How Severance played tricky mind games with the audience all the time

During an interview with Hollywood Reporter, production designer Jeremy Hindle spoke about his creative collaboration with Ben Stiller, director and executive producer of Severance. While working on the interior, Hindle revealed that he deliberately designed Lumon’s hallways to widen very slowly as employees traversed the space. In a separate interview with Vanity Fair, Stiller noted that Hindle deliberately designed a series of corridors that “essentially led somewhere”, which contributed to a disorienting maze-like atmosphere.

With attention to detail, Hindle also worked diligently to find the perfect shade of white for the office. “This is a very unnatural design. Every background in this room is interesting because it is asymmetrical. It’s like you’re playing with their brains,” he told THR.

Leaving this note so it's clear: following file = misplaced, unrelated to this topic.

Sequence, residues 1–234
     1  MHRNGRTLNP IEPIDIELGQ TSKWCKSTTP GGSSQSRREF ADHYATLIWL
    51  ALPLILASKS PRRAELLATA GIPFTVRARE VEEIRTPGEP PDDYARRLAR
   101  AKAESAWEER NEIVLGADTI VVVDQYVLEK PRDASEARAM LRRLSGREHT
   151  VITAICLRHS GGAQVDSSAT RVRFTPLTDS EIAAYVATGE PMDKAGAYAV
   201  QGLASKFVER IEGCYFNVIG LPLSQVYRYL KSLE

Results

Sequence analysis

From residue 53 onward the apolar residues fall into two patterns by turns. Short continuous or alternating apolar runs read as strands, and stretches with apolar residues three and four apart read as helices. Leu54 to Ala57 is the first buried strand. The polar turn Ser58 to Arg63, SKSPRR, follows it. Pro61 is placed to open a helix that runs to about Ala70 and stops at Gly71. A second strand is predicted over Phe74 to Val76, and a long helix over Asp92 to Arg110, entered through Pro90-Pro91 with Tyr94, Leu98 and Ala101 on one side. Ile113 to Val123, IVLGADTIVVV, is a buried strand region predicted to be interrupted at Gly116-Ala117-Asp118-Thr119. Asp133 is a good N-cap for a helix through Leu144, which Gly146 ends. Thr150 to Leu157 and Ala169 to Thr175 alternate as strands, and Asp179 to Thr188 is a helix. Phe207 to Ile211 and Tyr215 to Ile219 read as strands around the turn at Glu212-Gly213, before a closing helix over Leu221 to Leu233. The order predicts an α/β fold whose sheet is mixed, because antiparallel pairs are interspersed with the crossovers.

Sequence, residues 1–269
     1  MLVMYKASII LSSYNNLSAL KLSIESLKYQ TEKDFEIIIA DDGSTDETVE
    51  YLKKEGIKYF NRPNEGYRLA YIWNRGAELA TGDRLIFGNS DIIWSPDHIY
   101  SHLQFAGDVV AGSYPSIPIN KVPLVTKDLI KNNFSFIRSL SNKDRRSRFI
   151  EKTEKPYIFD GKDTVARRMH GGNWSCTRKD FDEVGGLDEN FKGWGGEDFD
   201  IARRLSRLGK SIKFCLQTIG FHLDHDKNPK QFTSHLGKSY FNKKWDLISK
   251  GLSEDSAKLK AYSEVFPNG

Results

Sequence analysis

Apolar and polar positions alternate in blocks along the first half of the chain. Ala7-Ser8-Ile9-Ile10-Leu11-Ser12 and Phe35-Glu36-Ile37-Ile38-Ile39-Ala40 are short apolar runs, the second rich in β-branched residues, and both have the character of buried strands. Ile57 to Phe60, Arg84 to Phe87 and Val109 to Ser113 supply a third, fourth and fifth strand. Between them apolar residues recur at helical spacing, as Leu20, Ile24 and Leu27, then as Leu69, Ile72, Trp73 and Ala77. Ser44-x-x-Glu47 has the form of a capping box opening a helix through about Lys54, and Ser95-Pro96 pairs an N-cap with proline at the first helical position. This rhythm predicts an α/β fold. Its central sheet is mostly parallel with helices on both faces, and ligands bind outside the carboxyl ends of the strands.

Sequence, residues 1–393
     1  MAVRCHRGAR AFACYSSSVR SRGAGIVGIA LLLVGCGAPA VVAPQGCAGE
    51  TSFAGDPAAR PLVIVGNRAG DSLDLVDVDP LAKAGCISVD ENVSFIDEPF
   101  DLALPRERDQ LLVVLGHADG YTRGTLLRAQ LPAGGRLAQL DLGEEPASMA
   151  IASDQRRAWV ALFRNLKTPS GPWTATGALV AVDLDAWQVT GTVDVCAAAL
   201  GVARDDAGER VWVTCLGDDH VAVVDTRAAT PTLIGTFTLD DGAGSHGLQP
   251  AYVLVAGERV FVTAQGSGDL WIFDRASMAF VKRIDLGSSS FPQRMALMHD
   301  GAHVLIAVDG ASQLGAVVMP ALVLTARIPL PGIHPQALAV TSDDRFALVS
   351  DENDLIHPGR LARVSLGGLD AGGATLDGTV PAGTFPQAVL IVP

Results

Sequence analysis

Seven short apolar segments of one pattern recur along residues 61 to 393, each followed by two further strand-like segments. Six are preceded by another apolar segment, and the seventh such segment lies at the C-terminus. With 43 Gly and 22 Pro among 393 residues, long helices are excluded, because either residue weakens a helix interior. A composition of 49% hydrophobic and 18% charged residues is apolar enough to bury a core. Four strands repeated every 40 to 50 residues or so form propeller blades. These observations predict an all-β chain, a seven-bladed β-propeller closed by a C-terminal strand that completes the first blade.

In this way, Hindle and Stiller seemed to create a space of controversy—they wanted Lumon to evoke a sense of insularity and unsettling expansiveness. Moreover, when designing the main office, Hindle sought to play on the emotions of the audience. He added, “[T]here’s something really handy about spaces. Even though it’s creepy, you kind of want to be there.”

It is noteworthy that many spectators openly applauded the intricacies of breathtaking scenery. redditor u / Trusted Manifest wrote, “Great photography and staging design, really unsettling and pulling you into the Kafkaesque nightmare of history.” Other Severance fans also joined in to share their excitement, including u/-Hastis-who added: “[A] a lot of the beauty comes from the great locations and art direction!”

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